The recent tragedy at Medford Multicare Center has left a community devastated ["Lax oversight of nursing homes," Opinion, March 21]. Confidence in the nursing home -- and indeed in the care afforded many of its residents -- is tattered and understandably shaken.

This disaster has cast a dark shadow over the entire nursing home industry, but while the incident points to catastrophic mismanagement, it is important to remember that one bad apple does not necessarily spoil the bunch.

We cannot lose sight of the fact that many nursing homes on Long Island provide impeccable services.

I oversee the day-to-day duties of caring, hardworking folks who show up each day prepared to make a difference. My staff members choose to work in the nursing home because they are good at relieving pain, tending to injuries, lending an ear, and most important, being compassionate. These are noble pursuits.

Nurses, nursing assistants, porters, dietary aides, and the entire nursing home staff bring empathy and selflessness to their work.

Jill Smoller, Glen Cove

Editor's note: The writer is the administrator of the Glen Cove Center for Nursing and Rehabilitation.

Zoning task force needs expanding

The suggestion from the Smithtown Town Board to create a zoning task force for the Kings Park industrial area is a simple-sounding solution to a more complicated problem ["Focus on a fix," News, March 18].

The ongoing zoning violations in Kings Park are just one of many concerns affecting Smithtown residents' quality of life. I believe we should discuss the environment, a master plan and smart growth development by establishing a Smithtown Planning and Development Association.

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This association would make recommendations to the town board and consider all of Smithtown, not just Kings Park.

Richard S. Macellaro, Kings Park

Let East Hampton pay to bury lines

I am a lifelong Long Islander and cannot afford to pay more in taxes and fees, especially for something that would not improve my neighborhood ["PSEG: You pay, we'll bury line," News, March 18].

An East Hampton resident group was quoted saying it was "a disgrace" for PSEG to advise them that if they want the electric lines buried, the residents can pay for it. The real disgrace is their suggestion to have the rest of PSEG's 1.1 million Long Island customers share the cost.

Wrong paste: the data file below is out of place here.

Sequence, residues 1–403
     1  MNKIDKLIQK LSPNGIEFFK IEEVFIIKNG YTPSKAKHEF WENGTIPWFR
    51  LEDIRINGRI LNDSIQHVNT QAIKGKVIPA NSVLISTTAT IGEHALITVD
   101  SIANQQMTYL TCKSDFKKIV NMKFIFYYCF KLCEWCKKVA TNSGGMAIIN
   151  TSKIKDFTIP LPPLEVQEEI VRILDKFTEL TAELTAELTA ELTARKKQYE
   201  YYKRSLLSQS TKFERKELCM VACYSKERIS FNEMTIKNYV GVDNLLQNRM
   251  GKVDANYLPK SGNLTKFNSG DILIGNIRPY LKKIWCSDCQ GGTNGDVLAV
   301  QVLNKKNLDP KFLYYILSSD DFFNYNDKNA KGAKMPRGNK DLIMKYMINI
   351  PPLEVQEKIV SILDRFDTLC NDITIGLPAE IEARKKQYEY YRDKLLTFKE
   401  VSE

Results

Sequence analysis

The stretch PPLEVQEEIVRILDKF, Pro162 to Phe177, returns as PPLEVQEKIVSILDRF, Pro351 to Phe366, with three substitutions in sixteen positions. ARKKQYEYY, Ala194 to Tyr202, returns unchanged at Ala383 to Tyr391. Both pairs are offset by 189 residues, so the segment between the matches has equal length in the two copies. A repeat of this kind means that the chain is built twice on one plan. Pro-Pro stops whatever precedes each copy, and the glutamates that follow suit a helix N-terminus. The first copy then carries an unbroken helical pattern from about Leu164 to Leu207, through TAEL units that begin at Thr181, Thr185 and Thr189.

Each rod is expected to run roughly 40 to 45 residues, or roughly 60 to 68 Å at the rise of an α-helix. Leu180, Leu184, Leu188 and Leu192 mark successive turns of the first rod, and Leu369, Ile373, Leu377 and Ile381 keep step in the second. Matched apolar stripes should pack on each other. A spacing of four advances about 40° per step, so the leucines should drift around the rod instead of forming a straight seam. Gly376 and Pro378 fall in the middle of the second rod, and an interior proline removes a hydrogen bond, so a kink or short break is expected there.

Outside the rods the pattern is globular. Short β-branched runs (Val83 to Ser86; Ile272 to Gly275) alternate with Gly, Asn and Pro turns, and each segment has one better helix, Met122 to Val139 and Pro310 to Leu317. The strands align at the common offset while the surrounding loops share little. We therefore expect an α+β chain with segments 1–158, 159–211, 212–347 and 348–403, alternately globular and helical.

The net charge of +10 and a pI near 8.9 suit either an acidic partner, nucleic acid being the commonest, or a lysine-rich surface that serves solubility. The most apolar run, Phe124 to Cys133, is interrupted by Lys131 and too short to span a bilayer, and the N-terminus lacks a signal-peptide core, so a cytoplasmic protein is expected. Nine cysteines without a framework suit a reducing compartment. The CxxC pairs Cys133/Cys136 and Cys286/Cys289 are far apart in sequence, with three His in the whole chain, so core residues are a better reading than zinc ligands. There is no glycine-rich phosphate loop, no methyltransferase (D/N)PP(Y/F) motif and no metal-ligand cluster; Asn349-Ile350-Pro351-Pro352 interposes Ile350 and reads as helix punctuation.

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Jeanette Bailey, North Babylon

Test burdensome for student-teachers

Newsday dramatically understated the demands for the edTPA, the new portfolio assessment now required for student teachers .

For example, Newsday claimed the video portions are scored for "positive, respectful response of students." In fact, the videos will be graded according to five detailed scoring guides that go far beyond these criteria. There are another 10 detailed scoring guides for other portions of the edTPA.

I can't share specific information with the public. As a public university employee, I was required to sign a proprietary, nondisclosure agreement with Pearson Inc., to read the assessment requirements.

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The implementation of the edTPA has been rushed and incomplete. It is a counterproductive, anxiety-producing burden for would-be teachers that has transformed what should be a full semester of learning into a semester-long exam. It requires full teaching expertise before student-teachers have had a fair chance to develop that expertise.

The new requirements also include a $300 fee from each student-teacher, which goes to a private corporation. The state Education Department should immediately remove the edTPA as a certification requirement.

Ken Lindblom, Shoreham

Editor's note: The writer is an associate professor and director of English teacher education at Stony Brook University.

South Nassau needs launch ramps

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New York's plan to spend $65 million restoring Jones Beach would be a perfect opportunity to build some ramps for small boats, such as sailing dinghies, Sunfish, rowboats, kayaks, canoes, windsurfers, paddle boards, etc. ["Boost for the beach," News, March 20].

The waters and winds in South Nassau are perfect for small, non-motorized boats, but there is no suitable place, accessible to the public, to launch with a trailer.

Perhaps Zach's Bay, the Field 10 fishing piers, the Short Beach boat basin or the Green Island toll plaza would be good spots. Thirty years ago, there used to be lots of sailboats in our bays.

John Eastlund, Wantagh

FDA doesn't have priorities straight

I just read that the United States must do with less effective sunscreen protection than other countries because the Food and Drug Administration hasn't approved new lotions ["Better sunscreens left in the dark," News, March 21].

But the FDA had no problem fast-tracking a new and stronger version of hydrocodone -- and that was against many recommendations not to approve it!

What is wrong with the FDA?

Kevin Fox, Jericho